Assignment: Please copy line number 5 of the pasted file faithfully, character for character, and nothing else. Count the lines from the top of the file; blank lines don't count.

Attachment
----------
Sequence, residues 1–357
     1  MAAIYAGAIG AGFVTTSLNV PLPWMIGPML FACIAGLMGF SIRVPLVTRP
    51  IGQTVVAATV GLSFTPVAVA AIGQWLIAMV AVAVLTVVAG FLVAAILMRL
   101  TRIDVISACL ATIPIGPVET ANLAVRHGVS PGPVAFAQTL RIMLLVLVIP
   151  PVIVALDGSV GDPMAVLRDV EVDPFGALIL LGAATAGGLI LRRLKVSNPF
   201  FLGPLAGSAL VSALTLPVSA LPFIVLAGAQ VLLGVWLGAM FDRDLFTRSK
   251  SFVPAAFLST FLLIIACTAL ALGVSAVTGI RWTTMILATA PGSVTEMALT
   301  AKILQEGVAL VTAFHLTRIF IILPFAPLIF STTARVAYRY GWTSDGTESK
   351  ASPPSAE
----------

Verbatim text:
   151  PVIVALDGSV GDPMAVLRDV EVDPFGALIL LGAATAGGLI LRRLKVSNPF